Soccer supporters packed St. Paul City Hall Wednesday night and urged the City Council to approve $18.4 million for infrastructure improvements around the proposed Minnesota United stadium.
After extensive debate and community input, council members voted 5-2 to support the spending, and approved development and other agreements for the site. Some officials and residents expressed concerns about the fast pace of the project and future returns on the city’s investment — but the majority of council members said the opportunity was too important to pass up.
The $150 million Major League Soccer stadium is planned near Snelling Avenue and Interstate 94 in the Midway area. It would be the key piece of a larger redevelopment plan for a 34.5-acre site that includes a strip mall, parking lot and Metro Transit bus storage site.
The land would be turned into plazas and mixed-use development. It would include ground-floor retail, offices, a hotel, housing and more, according to a plan developed for RK Midway, which owns the strip mall.
Jim Oliver, president of the organization of United supporters called the Dark Clouds, said he spends a lot of time in the neighborhood.
“They’re due for that kind of investment from the city,” he said. Oliver said he travels to other cities several times a year to attend soccer games, and believes the stadium will attract visitors who will spend money at businesses and stay at hotels in the area.
Attendees at Wednesday’s meeting were excited about the modern stadium design that United owner Dr. Bill McGuire presented.
Construction of the stadium would be privately funded and the United would pay for maintenance costs, St. Paul Finance Director Todd Hurley said.
“The club’s responsibilities don’t stop within the stadium,” he said, and the soccer team also would pay to maintain amenities around the stadium including a promenade, sidewalks and green spaces.
Oliver said he thinks it is “a way to improve a neighborhood that really deserves it, and I think the city is being asked to kind of minimally support it. I think it’s a reasonable ask for the city for the development they’re going to see in that neighborhood.”
Mayor Chris Coleman’s office invited groups, including the Dark Clouds and the soccer nonprofit Joy of the People, to attend the council meeting. Many members of those and other groups showed up, several donning United FC scarves.
Immediately after the council’s vote, Coleman released a statement thanking the City Council for approving the money.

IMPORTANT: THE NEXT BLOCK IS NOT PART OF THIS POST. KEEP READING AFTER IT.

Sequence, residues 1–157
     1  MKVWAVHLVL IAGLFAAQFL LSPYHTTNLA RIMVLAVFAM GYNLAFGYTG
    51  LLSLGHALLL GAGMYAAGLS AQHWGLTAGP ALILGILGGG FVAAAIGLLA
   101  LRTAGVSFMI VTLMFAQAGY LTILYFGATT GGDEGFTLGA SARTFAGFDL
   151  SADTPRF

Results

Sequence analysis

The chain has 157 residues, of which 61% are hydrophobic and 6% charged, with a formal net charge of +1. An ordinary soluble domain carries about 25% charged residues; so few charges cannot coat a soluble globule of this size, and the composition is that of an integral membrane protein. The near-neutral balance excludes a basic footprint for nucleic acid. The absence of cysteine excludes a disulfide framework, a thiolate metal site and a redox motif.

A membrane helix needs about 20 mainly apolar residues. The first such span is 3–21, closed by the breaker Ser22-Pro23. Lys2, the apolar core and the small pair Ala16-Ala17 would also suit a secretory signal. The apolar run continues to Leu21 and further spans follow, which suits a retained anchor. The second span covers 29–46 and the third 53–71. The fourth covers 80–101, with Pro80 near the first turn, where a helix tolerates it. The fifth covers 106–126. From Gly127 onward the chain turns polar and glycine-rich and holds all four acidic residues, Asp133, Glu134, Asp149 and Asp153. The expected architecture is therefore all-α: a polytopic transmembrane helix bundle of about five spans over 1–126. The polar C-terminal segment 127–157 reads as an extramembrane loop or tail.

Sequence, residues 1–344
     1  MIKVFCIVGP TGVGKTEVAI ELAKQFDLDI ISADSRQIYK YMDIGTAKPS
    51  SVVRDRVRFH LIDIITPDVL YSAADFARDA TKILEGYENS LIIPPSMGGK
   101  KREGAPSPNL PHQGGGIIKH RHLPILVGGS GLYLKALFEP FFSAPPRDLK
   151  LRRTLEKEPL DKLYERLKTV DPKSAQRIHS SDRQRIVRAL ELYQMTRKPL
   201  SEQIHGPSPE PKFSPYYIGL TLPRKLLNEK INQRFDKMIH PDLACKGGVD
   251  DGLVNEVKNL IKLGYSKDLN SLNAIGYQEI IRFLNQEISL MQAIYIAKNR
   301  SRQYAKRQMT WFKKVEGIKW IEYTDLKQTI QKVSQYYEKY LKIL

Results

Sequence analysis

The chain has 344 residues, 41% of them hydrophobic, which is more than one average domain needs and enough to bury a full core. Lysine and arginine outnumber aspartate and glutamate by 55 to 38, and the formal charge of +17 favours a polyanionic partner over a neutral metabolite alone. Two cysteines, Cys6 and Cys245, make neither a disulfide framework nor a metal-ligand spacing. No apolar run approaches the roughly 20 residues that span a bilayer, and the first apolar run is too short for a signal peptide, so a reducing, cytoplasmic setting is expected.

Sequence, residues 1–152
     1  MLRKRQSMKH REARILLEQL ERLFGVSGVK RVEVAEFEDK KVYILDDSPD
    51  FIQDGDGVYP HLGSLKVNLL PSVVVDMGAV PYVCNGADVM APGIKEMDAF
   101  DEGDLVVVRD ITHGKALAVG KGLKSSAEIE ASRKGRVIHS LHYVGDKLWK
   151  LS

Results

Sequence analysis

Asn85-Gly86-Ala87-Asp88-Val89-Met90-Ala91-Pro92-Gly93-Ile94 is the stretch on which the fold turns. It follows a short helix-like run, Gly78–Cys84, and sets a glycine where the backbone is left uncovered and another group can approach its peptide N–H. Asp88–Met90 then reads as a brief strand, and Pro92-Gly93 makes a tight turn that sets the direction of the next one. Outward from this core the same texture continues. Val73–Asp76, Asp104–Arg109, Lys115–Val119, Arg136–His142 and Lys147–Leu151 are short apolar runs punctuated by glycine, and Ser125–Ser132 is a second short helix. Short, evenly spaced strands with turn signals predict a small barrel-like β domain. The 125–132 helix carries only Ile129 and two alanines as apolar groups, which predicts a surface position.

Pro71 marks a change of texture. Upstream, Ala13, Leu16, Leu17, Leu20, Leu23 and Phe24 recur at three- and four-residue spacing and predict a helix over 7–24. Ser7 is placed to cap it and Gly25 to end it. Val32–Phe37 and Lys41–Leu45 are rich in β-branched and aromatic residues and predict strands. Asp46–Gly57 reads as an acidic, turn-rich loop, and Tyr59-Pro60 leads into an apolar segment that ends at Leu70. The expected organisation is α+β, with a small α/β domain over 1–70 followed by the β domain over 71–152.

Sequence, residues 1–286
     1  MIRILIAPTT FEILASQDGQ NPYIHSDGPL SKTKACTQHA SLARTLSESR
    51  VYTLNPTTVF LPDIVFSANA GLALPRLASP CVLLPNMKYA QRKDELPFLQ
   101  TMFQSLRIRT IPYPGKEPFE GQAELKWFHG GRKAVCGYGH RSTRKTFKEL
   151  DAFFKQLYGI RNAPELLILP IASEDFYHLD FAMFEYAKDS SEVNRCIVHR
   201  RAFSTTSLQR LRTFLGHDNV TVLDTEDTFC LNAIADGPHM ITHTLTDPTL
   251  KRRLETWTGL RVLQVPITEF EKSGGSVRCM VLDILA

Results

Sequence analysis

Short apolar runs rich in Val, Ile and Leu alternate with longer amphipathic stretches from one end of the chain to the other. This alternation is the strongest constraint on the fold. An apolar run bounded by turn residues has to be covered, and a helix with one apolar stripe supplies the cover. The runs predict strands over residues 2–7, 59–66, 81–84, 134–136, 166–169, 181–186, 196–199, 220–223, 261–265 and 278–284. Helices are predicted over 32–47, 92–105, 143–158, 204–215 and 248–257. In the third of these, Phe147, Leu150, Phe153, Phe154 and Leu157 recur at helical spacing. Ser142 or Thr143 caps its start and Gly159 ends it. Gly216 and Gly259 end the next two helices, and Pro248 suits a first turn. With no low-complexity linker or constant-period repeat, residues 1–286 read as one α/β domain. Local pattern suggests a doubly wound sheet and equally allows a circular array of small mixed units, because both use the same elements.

“Not only will we be able to bring the fastest growing sport in the nation to our state, but today’s agreement builds on the promise of the Green Line and ushers in new possibilities for economic growth and development throughout the Midway and the region,” Coleman said.
The stadium originally was planned for Minneapolis’s North Loop, but Coleman and St. Paul officials swooped in after Minneapolis Mayor Betsy Hodges did not support a property tax exemption that developers requested.
At the St. Paul site, the 10-acre bus storage site owned by the Metropolitan Council has been off the tax rolls for decades. The majority of the stadium will be located on that land. Officials plan to ask the Legislature this year to continue the property tax exemption there and grant an exemption for construction materials for the stadium.
It’s a deal breaker for the team if they don’t get the tax exemptions, Hurley said.
Of the city’s share of the costs, city staff anticipate $1.5 million will be covered by grants. Much of the remaining $16.9 million will be paid for using revenue from existing tax-increment financing districts in the area, staff said.
The infrastructure improvements that the city agreed to help pay for include: storm sewers, landscaping, lighting, parking, sidewalks, streets and plazas.
Council members Jane Prince and Dan Bostrom, the two dissenting votes Wednesday night, wanted the city to wait another week and conduct an independent analysis of the agreements for the stadium site. The majority of council members did not support waiting.
Prince said she was worried about the timing of the city’s ongoing transportation and parking study of the Midway area, which will not be completed until April.
“Whatever comes back in that study, we’re going to have to figure out how to deal with it,” Prince said.
Council President Russ Stark, who lives a couple of blocks from the proposed stadium site, said he would work closely on those issues to assure they are addressed.
Officials also expressed concerns that they could be on the hook for additional infrastructure costs. While Hurley said those would not be the city’s responsibility, Bostrom said he’s worried that the if infrastructure cost “goes sky high” then the city will have to figure out how to pay for it.